Police are searching door-to-door for the second of two suspects in Monday’s deadly bombing at the Boston Marathon after one suspect was killed late Thursday in a firefight with police. Boston residents are being ordered to shelter in place.
Pena, who lived part of his childhood in Boston and attended Northeastern University, said his parents are in town from Florida visiting his sister, who has an apartment in the Boston area.
“They’re calm, they’re inside, they’re not going anywhere,” Pena said. “They’re trusting the fact it will be taken care, and sooner or later we’ll have this guy in custody.”
Pena has watched the events unfold since Monday’s bombing with disbelief.
“It’s something that’s very unfortunate what’s going on,” he said. “Sometimes you have this helpless feeling that you wish you could do more. It’s very maddening at the same time and it makes me angry to think that would happen and I just wish I could do more. At the same time, I trust the authorities. They’re unbelievable. They’re doing all they can to neutralize the situation and diffuse the danger.”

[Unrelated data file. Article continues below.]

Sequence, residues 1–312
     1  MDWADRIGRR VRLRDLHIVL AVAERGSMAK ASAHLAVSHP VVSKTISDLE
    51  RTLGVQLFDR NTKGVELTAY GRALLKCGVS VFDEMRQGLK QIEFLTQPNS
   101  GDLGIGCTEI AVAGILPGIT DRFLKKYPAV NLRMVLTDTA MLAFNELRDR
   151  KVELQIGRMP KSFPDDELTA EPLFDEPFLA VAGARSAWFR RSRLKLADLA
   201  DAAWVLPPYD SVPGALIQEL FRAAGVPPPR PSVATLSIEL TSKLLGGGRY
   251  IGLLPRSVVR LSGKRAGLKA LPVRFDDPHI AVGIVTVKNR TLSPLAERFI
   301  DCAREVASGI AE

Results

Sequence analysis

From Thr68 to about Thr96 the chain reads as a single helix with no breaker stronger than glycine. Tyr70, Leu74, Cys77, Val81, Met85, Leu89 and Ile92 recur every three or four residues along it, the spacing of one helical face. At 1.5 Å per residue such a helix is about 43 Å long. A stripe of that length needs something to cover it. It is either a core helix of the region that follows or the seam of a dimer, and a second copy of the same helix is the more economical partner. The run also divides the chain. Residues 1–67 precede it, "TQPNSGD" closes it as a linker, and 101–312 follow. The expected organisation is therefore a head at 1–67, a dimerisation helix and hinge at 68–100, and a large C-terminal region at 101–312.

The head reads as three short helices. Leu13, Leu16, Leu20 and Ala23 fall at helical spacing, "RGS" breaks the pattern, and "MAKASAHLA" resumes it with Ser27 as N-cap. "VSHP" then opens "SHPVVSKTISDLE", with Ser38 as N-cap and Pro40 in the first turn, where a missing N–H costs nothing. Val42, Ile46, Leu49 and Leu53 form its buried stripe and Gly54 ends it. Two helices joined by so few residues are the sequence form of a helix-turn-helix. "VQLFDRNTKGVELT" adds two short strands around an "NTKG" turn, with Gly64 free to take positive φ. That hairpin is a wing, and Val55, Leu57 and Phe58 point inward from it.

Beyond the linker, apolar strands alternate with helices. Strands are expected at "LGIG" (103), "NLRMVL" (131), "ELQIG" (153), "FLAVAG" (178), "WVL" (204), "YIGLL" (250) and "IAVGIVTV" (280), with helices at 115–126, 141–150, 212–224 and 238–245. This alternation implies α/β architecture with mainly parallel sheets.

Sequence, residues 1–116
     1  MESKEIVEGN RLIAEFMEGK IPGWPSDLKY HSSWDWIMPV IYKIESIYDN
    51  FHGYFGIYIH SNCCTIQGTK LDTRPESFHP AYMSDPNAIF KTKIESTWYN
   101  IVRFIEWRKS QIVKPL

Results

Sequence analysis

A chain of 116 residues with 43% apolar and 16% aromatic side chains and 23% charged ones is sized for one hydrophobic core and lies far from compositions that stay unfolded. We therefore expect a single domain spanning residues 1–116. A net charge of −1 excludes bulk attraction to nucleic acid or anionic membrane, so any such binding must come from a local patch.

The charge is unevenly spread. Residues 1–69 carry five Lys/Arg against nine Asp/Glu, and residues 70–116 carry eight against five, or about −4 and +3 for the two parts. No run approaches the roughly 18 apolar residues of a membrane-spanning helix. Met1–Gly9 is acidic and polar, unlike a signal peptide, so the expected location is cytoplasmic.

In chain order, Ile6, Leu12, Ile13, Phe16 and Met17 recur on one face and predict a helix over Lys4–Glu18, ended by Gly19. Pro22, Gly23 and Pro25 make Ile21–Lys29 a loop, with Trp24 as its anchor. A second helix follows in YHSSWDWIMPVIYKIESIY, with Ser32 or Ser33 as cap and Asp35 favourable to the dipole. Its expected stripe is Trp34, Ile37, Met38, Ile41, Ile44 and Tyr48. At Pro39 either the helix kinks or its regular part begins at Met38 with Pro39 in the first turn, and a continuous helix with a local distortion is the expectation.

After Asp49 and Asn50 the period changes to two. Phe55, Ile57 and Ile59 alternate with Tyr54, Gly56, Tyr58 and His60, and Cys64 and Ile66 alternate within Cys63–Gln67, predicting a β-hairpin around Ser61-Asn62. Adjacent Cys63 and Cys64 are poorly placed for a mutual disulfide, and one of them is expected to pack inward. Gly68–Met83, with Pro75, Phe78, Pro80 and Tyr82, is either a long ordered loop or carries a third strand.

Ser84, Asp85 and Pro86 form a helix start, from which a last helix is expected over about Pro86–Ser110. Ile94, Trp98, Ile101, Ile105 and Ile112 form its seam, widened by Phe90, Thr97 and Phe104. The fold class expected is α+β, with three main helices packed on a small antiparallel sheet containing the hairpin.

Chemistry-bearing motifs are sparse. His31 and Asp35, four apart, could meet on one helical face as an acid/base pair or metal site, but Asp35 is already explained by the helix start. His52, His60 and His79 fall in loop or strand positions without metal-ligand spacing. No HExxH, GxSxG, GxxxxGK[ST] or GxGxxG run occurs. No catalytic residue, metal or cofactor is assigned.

Pena admitted it was upsetting seeing the streets shut down, streets he walked nearly every day while he was going to school in the area.
“It’s surreal,” he said. “It’s almost like a movie, you know? But I also understand there is some real danger there and they are taking the precautions necessary, and hopefully sooner or later we’ll know more about the situation. It’s kind of nerve-wracking. I get this helpless feeling that there’s nothing I can do. I have my family members locked inside the apartment because they can’t move.”
The Astros will reunite with old friend Brett Myers tonight at Minute Maid Park in the first game of a three-game series against the Indians, who have lost four in a row as they hit Houston. The Astros, who have lost five in a row, are 10-8 all-time against the Indians, including 7-5 in Houston, but this is the first meeting between the teams as American League foes. Lucas Harrell starts for the Astros.